The next report card is for the final entry in Phase Two of the Marvel Cinematic Universe, entitled Ant-Man.
Ant-Man—directed by Peyton Reed; written by Edgar Wright (screenplay & story), Joe Cornish (screenplay & story), Adam McKay (screenplay), Paul Rudd (screenplay), Stan Lee (comic book), Larry Lieber (comic book), Jack Kirby (comic book); starring Paul Rudd (Scott Lang / Ant-Man), Michael Douglas (Dr. Hank Pym), Evangeline Lilly (Hope van Dyne), Corey Stoll (Darren Cross), Judy Greer (Maggie Lang), Bobby Cannavale (Paxton), Michael Peña (Luis), and Hayley Atwell (Peggy Carter).
One of the problems I had with this film was the pacing. Its shorter running time made things felt a bit rushed to me and as a result, I didn't quite get the feel of some characters as much as I was hoping. For the most part, everyone is presented very quickly as "this is the character and here we go" and not much more else. For instance, just as we're starting to see the real struggle between Hope and Hank (as opposed to merely being told that they have issues), it ends with Hank's spontaneous reveal about what happened to Janet. Scott Lang is presented as a kind of jokey guy who is the good guy and we're off to the races. His friends are funny and help him with heists and that's it. Darren Cross is a pretty one-dimensional villain who I have a feeling will go down as one of the least memorable ones of the whole franchise to the point where people might even forget not just his name, but everything other than how he was Yellowjacket. I did like the inclusion of some other characters like Falcon, Peggy Carter, Howard Stark and HYDRA, but I definitely think the characters were weak overall.
I've got no real complaints for the acting, but also nothing really positive to point out, either. The flaws from characterization made it harder for me to distinguish whether or not certain scenes would have been better off with a different actor or if it was the directing or just the pacing itself, but outside of the holdovers from previous films and to an extent, Paul Rudd and Michael Peña, I didn't get the feeling that this was a film of Marvel's caliber. No stars are going to be made with this one. People know who Chris Hemsworth and Tom Hiddleston are from Thor, but is anyone going to start pointing out Corey Stoll or that guy who was also in The Dark Knight....whatever his name is? I doubt it.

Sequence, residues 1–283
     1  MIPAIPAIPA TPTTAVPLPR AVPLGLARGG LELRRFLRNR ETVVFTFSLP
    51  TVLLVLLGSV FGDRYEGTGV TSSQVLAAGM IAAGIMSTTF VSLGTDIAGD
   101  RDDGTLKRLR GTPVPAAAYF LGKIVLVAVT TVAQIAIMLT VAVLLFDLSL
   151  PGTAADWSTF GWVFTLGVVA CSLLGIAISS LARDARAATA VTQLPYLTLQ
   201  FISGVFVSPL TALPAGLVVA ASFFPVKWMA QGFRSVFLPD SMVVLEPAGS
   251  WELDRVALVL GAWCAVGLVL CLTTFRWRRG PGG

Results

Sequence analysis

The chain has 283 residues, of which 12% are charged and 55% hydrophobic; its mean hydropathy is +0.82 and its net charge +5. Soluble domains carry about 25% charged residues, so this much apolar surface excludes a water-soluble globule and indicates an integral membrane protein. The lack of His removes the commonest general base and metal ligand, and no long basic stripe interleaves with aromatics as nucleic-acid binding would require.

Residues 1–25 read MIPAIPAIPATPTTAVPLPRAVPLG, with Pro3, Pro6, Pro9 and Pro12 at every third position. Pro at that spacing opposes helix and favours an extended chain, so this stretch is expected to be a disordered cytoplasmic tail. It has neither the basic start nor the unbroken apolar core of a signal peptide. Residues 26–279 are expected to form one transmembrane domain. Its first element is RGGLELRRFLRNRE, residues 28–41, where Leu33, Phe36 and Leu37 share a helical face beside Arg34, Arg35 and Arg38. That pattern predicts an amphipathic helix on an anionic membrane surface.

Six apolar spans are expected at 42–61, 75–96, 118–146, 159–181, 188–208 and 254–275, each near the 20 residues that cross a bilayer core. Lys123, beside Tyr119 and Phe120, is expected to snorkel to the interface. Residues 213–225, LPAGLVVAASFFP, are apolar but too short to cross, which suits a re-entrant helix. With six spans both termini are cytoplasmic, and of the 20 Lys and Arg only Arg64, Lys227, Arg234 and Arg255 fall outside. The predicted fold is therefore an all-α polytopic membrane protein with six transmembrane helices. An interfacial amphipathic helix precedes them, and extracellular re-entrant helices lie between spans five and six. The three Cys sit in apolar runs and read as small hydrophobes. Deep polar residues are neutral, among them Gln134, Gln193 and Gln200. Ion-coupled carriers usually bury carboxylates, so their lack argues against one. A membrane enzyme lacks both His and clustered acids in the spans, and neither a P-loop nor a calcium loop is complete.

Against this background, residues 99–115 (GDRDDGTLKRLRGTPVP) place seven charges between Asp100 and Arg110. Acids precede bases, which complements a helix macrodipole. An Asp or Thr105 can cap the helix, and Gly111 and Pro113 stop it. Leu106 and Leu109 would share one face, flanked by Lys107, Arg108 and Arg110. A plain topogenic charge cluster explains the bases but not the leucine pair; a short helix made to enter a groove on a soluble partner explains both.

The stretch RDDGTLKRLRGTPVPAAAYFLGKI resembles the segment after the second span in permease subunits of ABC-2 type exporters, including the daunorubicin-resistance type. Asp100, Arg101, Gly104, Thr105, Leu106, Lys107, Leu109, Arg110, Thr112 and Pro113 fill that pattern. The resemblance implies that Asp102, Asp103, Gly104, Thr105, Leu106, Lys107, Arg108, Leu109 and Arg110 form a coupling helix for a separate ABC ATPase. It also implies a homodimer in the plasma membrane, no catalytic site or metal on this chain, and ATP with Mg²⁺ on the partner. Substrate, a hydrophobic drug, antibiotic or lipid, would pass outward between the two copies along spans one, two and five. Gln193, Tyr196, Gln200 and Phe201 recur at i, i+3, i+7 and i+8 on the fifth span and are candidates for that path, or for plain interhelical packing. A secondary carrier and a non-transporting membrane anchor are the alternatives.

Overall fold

VISUALS (FX, MAKEUP, COSTUMES, SETS): B–
Some shots looked a little sketchy when it came to the CGI—almost as if they had been made a couple years ago rather than in 2014/2015—but overall, I was a fan of the visuals. It was interesting to see something different with the shrinking when there was something to give perspective to it, as opposed to the water scenes which lost the size aspect in translation. The best costume is easily Yellowjacket, which was pretty badass looking for something that looks so ridiculous in the comics. The Wasp outfit at the end also looked quite cool, so kudos for designing those.
MUSIC & SOUND: C–
I don't want to give this a D, because it wasn't bad, but I honestly thought the music was one of the weakest points of the film. Other Marvel movies have had killer scores with catchy main themes and this one just doesn't. I've had the Iron Man 3 theme stuck in my head all day and I can't tell you a single note from Ant-Man, nor can I name any songs that showed up in the film other than "It's a Small World". As far as sound goes, I also didn't quite get a feel of just how other people could hear the smaller characters. Was there a built-in transmitter of sorts and I missed that explanation? If so, how does it know to project the volume of their voice only when they're small, so when they're normal sized, they aren't shouting at ridiculously high decibels? I know that's more of a script issue than a sound design one, but seeing as how we could hear what they were saying and other characters could as well, I would have liked some kind of explanation.
TONE (ACTION, ROMANCE, COMEDY): B+
ACTION: I didn't expect this to be action-heavy, so the amount that we got was perfectly fine for me.
COMEDY: Perhaps a bit too jokey, but Michael Peña's comic relief was definitely one of the most enjoyable parts of the film. A little less jokes and some more serious building of the plot would have gone a long way to me.
ROMANCE: There really wasn't any romantic stuff in this movie. Hank and Janet really is non-existent and Scott/Hope is literally a case of lampshade hanging where it happens out of nowhere and Hank points it out.
FINAL GRADE: C+
I went into this movie thinking that it was going to be a tough sell that could possibly suck, and I'll admit that I liked it more than I thought I would, but I also can't deny that I'm also disappointed. I had fun and enjoyed the film, sure. I also can't place it anywhere above the bottom run of the Marvel Cinematic Universe so far. This isn't going to be one that I can just put on at random and watch like I can with The Avengers and it's so far from being in the same ballpark as the two best ones in my opinion: Captain America: The Winter Soldier and Iron Man. I think it's one of the weakest outings in the franchise that really doesn't bring much to the table to be celebrated about. If there's a sequel, I'll naturally be seeing it opening night, but if this wasn't a Marvel film in that continuity and it was just a random movie out of nowhere called The Shrinking Man, I'd end up being harder on it.